Syracuse football coach Dino Babers will be back for 2021 despite a 1-10 season that led to some questions about his job security.
During a Zoom call with reporters, Syracuse athletic director John Wildhack let it be known Babers does not enter next season on the hot seat and has the full support of the athletic department and the university.
"The proverbial hot seat -- take that and just delete it," Wildhack said. "Dino's going to be our coach in 2021. I hope he's our coach for a long time. He knows that. I want him to be; the university does. He doesn't enter 2021 on any kind of hot seat. It's all about what we can do to get better in 2021 and how we develop them. The offseason is going to be incredibly, incredibly important. If we can get them through a traditional year in strength and conditioning, if we can get through spring football, we need time to develop this team. But I'm supportive of Coach Babers."
In five seasons as head coach, Babers has led Syracuse to just one winning season -- 10-3 in 2018. Since then, the Orange have been hurt by inconsistency on offense, particularly subpar play by the offensive line and at quarterback. That is especially troubling because Babers has an offensive background and one of his most famous taglines is "Orange is the New Fast" to describe his philosophy.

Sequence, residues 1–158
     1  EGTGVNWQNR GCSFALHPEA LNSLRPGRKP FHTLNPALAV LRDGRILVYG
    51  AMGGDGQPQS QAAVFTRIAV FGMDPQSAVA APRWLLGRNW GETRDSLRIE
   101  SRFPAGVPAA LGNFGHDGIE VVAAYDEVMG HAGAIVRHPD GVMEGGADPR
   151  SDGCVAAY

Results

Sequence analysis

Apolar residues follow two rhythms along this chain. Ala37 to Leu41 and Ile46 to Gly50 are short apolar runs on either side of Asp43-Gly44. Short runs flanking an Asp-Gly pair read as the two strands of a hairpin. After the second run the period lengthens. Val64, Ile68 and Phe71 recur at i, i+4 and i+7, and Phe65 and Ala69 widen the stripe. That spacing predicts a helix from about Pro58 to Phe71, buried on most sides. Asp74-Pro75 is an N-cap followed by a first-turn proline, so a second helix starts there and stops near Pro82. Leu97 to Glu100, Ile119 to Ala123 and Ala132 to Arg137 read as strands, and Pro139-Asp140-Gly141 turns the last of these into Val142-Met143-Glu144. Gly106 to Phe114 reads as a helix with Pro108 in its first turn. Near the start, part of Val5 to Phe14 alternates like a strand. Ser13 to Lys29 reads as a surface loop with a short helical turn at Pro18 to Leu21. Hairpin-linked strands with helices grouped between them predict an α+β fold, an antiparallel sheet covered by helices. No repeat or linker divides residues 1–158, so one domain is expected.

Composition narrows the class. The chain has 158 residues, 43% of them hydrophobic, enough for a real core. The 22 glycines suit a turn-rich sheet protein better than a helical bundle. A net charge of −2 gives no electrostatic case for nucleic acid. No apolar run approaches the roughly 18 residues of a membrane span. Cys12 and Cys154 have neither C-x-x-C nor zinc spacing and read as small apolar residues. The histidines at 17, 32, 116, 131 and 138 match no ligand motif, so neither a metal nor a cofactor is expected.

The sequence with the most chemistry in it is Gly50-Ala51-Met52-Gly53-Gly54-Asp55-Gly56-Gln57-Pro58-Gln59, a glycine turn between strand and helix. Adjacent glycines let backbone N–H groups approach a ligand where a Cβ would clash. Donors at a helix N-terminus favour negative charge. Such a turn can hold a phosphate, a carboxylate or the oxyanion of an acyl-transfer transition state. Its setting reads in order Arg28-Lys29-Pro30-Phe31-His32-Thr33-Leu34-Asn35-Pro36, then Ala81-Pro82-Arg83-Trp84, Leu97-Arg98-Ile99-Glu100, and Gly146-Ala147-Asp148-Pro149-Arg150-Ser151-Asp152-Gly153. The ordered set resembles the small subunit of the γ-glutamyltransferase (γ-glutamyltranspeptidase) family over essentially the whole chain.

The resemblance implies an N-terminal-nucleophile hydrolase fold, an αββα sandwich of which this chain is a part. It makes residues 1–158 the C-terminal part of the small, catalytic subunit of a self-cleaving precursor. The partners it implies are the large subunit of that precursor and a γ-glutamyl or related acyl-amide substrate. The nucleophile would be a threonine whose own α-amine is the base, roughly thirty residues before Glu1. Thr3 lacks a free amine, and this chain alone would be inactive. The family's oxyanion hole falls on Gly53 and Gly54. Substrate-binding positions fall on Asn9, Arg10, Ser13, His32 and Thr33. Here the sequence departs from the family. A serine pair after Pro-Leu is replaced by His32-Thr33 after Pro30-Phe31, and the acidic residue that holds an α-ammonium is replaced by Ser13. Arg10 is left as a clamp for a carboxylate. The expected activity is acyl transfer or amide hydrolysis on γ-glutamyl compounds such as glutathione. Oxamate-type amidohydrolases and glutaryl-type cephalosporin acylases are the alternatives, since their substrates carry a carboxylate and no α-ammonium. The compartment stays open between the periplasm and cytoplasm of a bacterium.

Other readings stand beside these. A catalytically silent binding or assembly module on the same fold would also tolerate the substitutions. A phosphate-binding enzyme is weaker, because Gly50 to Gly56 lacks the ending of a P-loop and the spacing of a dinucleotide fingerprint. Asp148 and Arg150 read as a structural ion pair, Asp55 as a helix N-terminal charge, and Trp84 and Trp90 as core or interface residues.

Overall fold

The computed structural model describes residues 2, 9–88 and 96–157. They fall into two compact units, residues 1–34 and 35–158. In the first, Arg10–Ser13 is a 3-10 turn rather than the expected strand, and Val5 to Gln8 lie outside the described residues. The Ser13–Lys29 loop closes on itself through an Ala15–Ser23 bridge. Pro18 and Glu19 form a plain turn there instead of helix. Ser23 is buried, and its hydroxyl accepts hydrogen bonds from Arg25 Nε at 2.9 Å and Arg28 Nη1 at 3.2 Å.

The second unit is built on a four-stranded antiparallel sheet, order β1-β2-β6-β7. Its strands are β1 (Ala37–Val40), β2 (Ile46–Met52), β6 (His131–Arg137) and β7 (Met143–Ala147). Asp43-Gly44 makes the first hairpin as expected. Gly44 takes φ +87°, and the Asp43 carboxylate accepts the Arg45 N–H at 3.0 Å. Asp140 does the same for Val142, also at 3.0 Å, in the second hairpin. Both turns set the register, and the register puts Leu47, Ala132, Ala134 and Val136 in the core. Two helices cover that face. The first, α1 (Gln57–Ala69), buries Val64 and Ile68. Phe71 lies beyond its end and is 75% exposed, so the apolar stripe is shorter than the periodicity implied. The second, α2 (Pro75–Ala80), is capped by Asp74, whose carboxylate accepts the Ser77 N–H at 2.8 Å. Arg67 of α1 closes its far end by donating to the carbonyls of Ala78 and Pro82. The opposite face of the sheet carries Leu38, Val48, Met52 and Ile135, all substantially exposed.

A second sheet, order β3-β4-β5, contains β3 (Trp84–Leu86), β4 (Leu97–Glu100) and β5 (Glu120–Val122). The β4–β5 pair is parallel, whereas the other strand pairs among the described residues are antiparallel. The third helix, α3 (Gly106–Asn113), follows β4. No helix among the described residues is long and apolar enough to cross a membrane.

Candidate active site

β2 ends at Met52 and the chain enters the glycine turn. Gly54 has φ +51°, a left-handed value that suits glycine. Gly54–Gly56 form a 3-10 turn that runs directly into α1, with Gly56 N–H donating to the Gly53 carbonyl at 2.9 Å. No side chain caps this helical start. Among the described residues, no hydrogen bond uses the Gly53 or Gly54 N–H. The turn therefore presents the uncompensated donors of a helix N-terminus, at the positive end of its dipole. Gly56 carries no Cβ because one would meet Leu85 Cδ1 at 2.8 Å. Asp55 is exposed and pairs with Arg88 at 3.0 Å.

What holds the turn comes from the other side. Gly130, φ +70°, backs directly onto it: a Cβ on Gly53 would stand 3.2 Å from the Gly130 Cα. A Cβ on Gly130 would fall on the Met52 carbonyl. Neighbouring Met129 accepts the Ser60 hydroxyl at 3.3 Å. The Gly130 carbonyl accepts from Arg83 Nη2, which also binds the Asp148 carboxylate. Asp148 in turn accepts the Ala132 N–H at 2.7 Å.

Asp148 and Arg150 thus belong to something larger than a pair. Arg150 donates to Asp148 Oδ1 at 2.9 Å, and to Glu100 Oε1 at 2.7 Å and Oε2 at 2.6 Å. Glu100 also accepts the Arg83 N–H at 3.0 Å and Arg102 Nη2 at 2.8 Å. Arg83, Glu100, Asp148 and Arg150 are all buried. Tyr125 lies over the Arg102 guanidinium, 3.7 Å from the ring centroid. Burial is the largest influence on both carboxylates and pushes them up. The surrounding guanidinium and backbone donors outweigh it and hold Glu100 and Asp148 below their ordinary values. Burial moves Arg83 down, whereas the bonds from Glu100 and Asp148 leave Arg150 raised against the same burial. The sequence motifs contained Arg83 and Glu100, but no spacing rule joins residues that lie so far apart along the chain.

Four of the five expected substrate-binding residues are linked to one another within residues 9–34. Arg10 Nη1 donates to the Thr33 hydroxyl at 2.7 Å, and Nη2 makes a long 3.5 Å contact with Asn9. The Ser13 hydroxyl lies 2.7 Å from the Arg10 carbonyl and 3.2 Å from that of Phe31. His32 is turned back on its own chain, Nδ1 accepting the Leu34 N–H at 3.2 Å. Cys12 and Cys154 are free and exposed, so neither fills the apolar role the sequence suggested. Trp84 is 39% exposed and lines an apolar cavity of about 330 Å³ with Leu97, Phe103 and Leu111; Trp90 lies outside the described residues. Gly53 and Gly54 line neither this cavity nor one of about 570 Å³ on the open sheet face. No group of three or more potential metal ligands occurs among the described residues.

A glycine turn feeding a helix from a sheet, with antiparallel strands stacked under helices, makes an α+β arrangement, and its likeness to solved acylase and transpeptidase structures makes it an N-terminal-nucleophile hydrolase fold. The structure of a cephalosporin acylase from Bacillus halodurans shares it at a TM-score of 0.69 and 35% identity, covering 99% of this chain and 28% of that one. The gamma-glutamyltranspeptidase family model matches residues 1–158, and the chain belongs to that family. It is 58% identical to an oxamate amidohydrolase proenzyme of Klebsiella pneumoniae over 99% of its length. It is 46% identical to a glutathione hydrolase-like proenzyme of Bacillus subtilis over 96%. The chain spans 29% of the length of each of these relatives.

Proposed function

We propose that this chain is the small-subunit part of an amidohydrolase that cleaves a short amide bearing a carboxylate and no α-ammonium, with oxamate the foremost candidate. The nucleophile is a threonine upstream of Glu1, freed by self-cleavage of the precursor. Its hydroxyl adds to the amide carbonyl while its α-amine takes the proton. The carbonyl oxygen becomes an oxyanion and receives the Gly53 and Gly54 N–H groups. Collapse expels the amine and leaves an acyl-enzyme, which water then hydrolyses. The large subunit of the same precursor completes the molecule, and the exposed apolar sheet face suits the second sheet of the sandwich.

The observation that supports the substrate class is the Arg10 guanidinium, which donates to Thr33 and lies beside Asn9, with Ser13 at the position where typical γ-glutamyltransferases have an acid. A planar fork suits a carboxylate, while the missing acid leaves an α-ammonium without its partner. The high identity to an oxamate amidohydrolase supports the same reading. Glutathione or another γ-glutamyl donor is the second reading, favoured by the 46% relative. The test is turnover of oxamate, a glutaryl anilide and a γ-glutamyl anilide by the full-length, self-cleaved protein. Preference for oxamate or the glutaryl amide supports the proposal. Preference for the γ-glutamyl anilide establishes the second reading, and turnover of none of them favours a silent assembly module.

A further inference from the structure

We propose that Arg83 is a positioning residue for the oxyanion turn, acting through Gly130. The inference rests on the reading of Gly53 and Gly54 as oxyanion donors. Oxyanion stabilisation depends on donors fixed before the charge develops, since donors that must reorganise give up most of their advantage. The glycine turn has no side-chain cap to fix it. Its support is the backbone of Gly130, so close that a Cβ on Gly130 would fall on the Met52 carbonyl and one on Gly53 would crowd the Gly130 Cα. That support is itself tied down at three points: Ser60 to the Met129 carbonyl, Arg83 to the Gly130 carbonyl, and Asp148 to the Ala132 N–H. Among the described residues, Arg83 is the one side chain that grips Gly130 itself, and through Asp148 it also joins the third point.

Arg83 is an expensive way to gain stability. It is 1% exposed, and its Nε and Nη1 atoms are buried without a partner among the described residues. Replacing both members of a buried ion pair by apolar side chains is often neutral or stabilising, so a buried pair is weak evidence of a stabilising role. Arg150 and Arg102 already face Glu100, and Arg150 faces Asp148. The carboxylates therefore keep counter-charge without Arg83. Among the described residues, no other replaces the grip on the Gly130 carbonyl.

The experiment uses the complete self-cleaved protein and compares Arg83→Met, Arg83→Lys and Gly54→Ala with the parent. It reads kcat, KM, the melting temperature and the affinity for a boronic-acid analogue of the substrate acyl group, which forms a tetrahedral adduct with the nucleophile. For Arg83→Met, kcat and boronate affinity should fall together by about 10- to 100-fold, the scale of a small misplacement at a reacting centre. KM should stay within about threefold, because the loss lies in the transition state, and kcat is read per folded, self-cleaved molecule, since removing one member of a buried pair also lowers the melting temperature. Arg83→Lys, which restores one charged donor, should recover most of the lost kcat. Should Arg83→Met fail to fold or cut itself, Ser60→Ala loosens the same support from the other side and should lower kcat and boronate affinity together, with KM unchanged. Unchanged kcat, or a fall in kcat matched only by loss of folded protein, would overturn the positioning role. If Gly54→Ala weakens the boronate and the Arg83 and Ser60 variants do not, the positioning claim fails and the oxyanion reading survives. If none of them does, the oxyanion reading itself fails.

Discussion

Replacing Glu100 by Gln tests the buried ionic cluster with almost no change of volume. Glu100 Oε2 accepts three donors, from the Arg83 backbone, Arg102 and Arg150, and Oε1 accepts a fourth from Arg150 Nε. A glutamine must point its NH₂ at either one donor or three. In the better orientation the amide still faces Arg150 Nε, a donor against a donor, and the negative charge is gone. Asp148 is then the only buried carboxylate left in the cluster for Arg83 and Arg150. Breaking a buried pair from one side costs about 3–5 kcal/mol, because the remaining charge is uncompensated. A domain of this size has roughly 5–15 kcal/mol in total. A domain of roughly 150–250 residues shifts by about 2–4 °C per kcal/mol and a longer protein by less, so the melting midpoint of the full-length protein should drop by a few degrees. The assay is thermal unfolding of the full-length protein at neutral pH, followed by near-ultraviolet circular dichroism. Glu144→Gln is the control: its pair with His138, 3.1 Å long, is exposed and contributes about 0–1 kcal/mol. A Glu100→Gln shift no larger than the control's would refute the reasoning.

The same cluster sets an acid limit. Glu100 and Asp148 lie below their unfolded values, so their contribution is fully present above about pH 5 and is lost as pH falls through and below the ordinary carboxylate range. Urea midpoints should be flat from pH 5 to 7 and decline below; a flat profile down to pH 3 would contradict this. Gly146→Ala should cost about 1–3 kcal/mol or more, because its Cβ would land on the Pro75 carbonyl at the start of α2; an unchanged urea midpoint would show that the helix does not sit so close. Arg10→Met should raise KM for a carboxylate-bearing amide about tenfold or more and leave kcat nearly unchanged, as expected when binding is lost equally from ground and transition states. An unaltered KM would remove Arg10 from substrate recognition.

Wildhack said any staff changes would be up to Babers and repeatedly said he needs to see development with the overall team next season to be content the program is moving in the right direction.
"Nobody's pleased with a 1-10 record," Wildhack said. "We all have higher expectations. It's all about how we get this thing turned around and what we need to do to accomplish that. The key word is development. We've shown we have a number of young players that played and played quite well. When you start six freshmen against the No. 2 team in the country, that's daunting to say the least. There's no secrets in terms of where we need to improve upon, but the key word is the development of these young players. The potential's there. We need to turn that potential into reality."